Feb 13 2020

We’re thinking more about how do we deploy [the College's] resources to help our graduates live out their commitments that we helped them develop here.

Patrick Sexton

While incorporating issues of equity and social justice in the preparation of future teachers has long been a focus at the University of Washington College of Education, it wasn’t well understood until recently how that commitment is reflected in graduates’ daily teaching practice. 

That picture is getting clearer thanks to an internship for UW doctoral students in teacher education launched three years ago. In a new podcast, Patrick Sexton, assistant dean for teacher education, and Cristina Betancourt, a graduate student in teaching and curriculum, discuss the College’s work to marry teacher education program improvement with the learning of its doctoral students through its Teacher Education Research and Inquiry (TERI) internship. 

Sexton and Betancourt are part of a team who will present their work developing case studies of recent alumni for program improvement at the 2020 meeting of the American Association of Colleges for Teacher Education. 

The team interviewed graduates from each of the UW’s teacher preparation programs who were teaching in schools with at least three fellow alumni.

“We were interested if equity and social justice were themes that [continued to] resonate with them,” Sexton said. “We didn’t actually bring those themes up when we did our interviews, but it became very clear that that was a focus of the work they were doing and taking out of here into their practice.”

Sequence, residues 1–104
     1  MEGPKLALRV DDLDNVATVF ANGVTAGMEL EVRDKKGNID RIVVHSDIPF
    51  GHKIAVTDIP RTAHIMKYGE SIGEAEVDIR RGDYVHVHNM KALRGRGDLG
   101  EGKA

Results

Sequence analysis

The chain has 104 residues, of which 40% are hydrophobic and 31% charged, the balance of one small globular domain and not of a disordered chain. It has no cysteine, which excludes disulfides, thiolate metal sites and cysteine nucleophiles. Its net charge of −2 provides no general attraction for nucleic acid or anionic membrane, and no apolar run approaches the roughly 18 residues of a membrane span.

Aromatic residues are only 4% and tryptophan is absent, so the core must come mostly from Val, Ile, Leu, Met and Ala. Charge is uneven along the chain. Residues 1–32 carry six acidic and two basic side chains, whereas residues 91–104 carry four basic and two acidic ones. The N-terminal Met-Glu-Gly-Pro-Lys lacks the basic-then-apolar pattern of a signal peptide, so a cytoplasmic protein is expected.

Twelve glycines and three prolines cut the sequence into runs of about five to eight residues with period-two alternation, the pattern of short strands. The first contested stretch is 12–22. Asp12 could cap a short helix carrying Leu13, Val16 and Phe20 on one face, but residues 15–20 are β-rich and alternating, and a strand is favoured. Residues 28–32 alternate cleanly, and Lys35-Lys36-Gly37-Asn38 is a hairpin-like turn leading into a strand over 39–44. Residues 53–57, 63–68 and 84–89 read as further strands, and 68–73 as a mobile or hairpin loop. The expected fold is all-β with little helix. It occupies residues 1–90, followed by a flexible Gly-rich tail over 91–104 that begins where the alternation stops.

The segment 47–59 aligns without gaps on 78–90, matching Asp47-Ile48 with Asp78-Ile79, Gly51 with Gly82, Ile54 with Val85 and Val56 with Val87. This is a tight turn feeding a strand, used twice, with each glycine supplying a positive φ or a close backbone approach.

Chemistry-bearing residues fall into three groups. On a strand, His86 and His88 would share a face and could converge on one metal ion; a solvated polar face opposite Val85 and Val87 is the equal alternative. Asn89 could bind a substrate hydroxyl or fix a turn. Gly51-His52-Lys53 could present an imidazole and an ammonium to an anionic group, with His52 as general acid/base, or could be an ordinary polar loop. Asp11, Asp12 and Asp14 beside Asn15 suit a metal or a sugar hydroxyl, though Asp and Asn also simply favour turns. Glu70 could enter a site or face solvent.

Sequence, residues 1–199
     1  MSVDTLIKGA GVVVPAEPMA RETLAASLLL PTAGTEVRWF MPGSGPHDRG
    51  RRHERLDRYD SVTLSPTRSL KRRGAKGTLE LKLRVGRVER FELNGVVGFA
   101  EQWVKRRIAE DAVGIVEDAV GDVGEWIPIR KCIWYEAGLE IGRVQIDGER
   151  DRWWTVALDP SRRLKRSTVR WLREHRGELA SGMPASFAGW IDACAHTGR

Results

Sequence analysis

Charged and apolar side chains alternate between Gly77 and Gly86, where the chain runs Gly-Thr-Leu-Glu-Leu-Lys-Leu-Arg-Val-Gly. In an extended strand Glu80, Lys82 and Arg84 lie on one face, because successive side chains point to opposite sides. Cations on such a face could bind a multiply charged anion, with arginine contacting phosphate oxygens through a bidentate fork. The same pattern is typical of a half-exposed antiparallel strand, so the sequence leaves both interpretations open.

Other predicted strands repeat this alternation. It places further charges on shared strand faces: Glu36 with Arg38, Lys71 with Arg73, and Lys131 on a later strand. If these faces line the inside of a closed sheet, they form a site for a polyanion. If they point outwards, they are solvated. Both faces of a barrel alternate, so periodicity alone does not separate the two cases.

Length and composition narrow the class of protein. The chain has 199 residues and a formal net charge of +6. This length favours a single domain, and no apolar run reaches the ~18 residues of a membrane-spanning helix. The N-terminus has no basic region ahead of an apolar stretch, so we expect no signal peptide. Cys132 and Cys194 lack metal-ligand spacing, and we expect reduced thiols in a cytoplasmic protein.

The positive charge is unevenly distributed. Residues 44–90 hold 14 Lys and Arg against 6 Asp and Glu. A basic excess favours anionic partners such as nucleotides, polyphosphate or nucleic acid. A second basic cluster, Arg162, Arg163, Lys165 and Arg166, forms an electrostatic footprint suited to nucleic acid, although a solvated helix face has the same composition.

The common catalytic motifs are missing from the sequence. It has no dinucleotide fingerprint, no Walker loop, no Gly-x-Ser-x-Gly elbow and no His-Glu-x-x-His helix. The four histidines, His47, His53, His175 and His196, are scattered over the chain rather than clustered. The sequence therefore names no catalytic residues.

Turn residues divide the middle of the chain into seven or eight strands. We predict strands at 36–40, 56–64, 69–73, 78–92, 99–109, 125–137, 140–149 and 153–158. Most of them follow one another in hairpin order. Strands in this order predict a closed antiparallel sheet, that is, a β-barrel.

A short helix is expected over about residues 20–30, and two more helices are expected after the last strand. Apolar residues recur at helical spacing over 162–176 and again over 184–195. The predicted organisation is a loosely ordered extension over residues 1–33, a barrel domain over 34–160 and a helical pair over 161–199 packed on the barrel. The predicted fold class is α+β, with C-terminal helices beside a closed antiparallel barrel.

After completing the interviews, Betancourt said researchers created case stories about the graduates’ teaching practice and school context to share with each program’s faculty. In reviewing the case stories, program faculty were able to better understand issues that recent graduates grapple with on a daily basis — such as classroom management and how to work with colleagues in productive ways — and consider how to better meet those needs. 

One example identified in the case stories, Betancourt said, was how early career teachers with a background in social justice can work with fellow teachers who haven’t had the same training. 

“Candidates here come with an entire cohort that is ingrained in that thinking, so that transition moving from a cohort program to, suddenly, a real school context where you might be the one or two or maybe three people who are thinking about those ideas, that was something surfaced across all the programs,” Betancourt said. 

Sexton believes the collective, multi-viewed approach to questions of program improvement since TERI was launched has fueled robust discussions.

“We’re thinking more about how do we deploy our own resources to help our graduates live out their commitments that we helped them develop here,” he said.

And, for doctoral students like Betancourt who will be helping prepare future teachers for decades to come, the experience of thinking deeply about how to create better experiences for teacher candidates has been invaluable.

“One of the things I’ve valued in this process and I’ve seen other doc students feel empowered by is the inclusion of our voices in thinking about teacher education design,” Betancourt said. “This opportunity to really think deeply about long-term program development is so meaningful.“

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Contact

Dustin Wunderlich, Director of Marketing and Communications
206-543-1035, dwunder@uw.edu